- POSTED: 16 May 2014 03:43
- UPDATED: 16 May 2014 05:58
Fast-food workers in Miami and New York went on strike on Thursday to demand pay hikes and the right to unionise in a protest also observed in other cities around the world.
MIAMI: Fast-food workers in Miami and New York went on strike on Thursday to demand pay hikes and the right to unionise in a protest also observed in other cities around the world.
An organiser in Miami, Muhammed Malik, said protests were called in 130 cities in more than 33 countries, although in some places they appeared sparsely attended.
In the United States, dozens of workers went on strike for several hours in fast-food restaurants in Miami, New York, Chicago, Los Angeles and Houston, organisers said.
In New York, where the protest movement began in November 2012, about 100 demonstrators gathered in the rain outside a pizza chain after similar demonstrations outside McDonald's outlets in the city.
They wore T-shirts with the slogan "McStrike" or "stick together for US$15." They also carried signs saying, "Fair pay, respect for our rights."
They are demanding that pay be doubled to US$15 an hour and that they be allowed to join unions.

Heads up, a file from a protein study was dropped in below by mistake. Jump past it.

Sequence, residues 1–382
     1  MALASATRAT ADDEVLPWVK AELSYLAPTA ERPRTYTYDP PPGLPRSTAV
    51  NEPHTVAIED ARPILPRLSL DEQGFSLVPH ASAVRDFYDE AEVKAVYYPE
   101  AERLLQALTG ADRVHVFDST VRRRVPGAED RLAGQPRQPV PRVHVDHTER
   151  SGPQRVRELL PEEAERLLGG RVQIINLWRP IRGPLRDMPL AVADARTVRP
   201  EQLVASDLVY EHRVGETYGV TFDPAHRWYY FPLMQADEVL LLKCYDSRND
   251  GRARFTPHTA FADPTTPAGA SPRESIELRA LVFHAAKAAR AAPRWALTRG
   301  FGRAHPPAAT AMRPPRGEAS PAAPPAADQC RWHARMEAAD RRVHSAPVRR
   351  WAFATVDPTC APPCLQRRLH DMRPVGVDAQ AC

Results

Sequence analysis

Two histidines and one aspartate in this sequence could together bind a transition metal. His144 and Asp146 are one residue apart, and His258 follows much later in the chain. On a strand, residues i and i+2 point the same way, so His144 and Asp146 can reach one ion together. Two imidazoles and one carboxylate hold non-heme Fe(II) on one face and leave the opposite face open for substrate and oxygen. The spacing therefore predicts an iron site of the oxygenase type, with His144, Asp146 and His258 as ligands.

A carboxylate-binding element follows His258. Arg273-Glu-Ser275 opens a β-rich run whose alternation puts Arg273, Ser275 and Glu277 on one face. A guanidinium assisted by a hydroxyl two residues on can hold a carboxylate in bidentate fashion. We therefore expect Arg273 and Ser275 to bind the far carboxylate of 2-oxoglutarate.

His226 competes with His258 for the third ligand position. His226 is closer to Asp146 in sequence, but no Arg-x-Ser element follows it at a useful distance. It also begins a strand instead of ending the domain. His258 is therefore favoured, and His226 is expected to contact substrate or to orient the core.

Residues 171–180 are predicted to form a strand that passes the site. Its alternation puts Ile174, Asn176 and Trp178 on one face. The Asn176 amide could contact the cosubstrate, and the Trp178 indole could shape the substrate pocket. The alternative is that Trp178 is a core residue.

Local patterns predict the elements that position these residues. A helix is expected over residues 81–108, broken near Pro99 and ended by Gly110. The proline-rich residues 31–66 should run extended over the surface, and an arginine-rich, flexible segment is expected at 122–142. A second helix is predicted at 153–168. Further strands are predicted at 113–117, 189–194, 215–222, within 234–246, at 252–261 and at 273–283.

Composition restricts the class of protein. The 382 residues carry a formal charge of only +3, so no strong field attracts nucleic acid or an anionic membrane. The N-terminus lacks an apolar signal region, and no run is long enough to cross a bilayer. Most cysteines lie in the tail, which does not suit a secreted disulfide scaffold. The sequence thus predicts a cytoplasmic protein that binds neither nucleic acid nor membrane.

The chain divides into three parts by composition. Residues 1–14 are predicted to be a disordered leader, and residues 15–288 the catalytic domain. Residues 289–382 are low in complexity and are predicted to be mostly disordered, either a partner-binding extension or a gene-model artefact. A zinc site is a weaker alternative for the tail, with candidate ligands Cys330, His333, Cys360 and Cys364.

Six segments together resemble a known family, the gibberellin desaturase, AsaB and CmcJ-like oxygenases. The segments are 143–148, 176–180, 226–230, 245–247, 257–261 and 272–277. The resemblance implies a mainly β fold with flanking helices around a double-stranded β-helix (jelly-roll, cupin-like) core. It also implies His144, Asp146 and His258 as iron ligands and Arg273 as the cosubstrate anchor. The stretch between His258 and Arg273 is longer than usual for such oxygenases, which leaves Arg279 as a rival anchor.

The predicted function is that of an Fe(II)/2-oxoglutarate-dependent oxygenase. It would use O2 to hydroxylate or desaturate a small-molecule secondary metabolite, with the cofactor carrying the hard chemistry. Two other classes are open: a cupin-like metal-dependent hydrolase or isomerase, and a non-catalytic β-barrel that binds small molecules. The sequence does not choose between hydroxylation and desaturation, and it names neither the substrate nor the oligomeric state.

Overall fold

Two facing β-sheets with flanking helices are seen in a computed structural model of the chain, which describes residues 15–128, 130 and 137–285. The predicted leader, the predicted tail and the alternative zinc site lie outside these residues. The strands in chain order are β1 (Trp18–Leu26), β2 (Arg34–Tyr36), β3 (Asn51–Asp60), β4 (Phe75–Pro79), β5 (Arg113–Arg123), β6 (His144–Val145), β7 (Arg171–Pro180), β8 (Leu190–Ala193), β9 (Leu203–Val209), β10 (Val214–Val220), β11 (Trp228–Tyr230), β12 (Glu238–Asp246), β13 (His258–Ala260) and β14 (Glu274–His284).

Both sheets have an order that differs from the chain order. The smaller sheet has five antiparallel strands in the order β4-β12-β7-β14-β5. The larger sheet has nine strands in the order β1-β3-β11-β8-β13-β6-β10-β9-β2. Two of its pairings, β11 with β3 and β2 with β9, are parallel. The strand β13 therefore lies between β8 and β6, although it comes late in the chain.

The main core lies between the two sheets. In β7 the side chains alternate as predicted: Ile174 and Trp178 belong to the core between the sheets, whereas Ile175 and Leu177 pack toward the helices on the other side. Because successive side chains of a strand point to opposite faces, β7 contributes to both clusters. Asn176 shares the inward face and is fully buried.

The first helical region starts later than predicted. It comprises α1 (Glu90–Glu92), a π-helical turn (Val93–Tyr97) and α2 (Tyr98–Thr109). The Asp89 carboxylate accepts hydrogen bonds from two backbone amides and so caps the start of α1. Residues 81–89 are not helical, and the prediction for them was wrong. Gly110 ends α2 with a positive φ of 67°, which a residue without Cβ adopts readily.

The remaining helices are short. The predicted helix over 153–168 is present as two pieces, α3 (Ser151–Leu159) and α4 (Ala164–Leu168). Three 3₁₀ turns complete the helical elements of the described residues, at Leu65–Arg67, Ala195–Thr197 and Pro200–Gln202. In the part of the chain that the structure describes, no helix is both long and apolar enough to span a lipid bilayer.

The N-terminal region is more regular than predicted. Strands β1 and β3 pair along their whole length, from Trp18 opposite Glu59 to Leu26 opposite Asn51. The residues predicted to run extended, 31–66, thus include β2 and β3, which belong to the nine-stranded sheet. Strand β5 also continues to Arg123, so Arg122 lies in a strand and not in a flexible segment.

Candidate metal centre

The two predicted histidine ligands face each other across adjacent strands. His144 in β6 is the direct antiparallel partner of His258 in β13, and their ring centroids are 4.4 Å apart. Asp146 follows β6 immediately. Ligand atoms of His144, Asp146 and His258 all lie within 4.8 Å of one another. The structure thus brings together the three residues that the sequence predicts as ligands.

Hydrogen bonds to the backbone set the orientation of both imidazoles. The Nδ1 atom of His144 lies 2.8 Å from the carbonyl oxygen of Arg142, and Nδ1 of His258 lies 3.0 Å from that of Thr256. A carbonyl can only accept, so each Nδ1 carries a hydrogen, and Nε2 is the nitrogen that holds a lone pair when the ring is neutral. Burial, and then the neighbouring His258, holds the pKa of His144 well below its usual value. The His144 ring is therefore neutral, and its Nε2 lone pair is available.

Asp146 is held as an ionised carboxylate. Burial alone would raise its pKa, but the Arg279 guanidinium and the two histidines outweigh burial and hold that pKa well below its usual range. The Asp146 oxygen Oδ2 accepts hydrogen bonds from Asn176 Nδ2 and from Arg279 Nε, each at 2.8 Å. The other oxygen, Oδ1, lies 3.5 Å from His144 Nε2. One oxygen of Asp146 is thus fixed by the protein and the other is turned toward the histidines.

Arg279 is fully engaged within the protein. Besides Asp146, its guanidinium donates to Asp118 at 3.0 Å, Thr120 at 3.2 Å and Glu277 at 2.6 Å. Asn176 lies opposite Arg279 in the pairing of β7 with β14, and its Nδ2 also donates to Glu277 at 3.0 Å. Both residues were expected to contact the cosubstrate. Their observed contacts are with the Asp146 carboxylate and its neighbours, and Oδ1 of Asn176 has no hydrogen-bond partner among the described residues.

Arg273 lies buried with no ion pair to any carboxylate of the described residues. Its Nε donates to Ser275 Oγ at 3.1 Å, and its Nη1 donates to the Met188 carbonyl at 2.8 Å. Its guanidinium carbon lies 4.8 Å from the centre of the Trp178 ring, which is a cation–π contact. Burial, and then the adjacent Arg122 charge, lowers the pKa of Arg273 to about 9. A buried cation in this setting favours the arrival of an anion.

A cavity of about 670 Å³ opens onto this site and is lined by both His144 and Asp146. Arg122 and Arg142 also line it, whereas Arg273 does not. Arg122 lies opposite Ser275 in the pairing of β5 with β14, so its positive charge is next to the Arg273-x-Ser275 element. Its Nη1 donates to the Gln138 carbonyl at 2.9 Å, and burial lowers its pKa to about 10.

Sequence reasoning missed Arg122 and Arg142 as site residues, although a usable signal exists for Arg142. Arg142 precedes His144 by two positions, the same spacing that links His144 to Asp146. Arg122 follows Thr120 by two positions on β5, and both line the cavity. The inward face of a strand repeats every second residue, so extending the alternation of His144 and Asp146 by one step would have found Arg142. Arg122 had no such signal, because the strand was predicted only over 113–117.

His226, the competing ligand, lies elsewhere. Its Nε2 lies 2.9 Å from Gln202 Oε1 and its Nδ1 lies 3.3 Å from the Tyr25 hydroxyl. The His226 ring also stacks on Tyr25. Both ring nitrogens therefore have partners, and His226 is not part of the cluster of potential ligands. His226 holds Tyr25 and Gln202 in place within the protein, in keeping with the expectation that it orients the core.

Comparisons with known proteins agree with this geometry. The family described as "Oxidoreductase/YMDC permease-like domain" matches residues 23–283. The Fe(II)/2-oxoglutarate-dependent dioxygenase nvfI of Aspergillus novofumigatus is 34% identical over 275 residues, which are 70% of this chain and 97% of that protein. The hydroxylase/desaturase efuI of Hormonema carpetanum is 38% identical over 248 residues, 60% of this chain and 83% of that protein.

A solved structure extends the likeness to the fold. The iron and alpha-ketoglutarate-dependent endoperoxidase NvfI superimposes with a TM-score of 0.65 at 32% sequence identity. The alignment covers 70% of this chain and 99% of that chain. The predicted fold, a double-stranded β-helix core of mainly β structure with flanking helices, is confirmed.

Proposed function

"My American dream is a dream of slavery," said Selmira Wilson, a 33-year-old Nicaraguan who arrived in the United States three years ago.
She said the US$7.99 an hour she makes at McDonald's isn't enough to support her three children.
"My son works as a cashier at McDonald's. My son is 16 years old. We make a pittance. I have to work another job at night cleaning offices to be able to support my home," said Wilson, who didn't go to work Thursday at a McDonald's in downtown Miami.
About 50 people carrying signs with their demands marched through the streets of Miami until they reached a Wendy's, chanting "What do we want? A raise! When do we want it? Now!"
"I'm tired of making a poverty wage," said Oscar Rivera, a worker from the Wendy's store who was on strike.
He told reporters the US$7.93 he makes an hour is "not enough. I have to pay bills, help my mother, my family."
Heidi Barker Sa Shekhem, a McDonald's spokeswoman, defended the fast-food giant, saying it offered competitive pay and adding those workers taking part in the strikes would be allowed to return to their posts.
"This is an important discussion that needs to take into account the highly competitive nature of the industries that employ minimum wage workers, as well as consumers and the thousands of small businesses which own and operate the vast majority of McDonald's restaurants," she said.
"To right-size the headlines, the events taking place are not strikes. Outside groups have travelled to McDonald's and other outlets to stage rallies."
In other parts of the world, fast-food protests were more limited, with only dozens going on strike in Geneva or London. In some cities like Paris, fast-food workers only announced a day of solidarity.
In Italy, the three main unions called for a strike at fast-food restaurants for Friday, and the largest job action was expected in Milan, a union source said.